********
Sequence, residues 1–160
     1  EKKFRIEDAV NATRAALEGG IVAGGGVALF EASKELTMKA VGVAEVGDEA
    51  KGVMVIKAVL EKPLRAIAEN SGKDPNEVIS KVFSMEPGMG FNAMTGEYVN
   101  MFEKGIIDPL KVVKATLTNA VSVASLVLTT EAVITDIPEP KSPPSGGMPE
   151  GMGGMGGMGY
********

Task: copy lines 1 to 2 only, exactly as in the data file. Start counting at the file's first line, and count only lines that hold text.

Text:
Sequence, residues 1–160
     1  EKKFRIEDAV NATRAALEGG IVAGGGVALF EASKELTMKA VGVAEVGDEA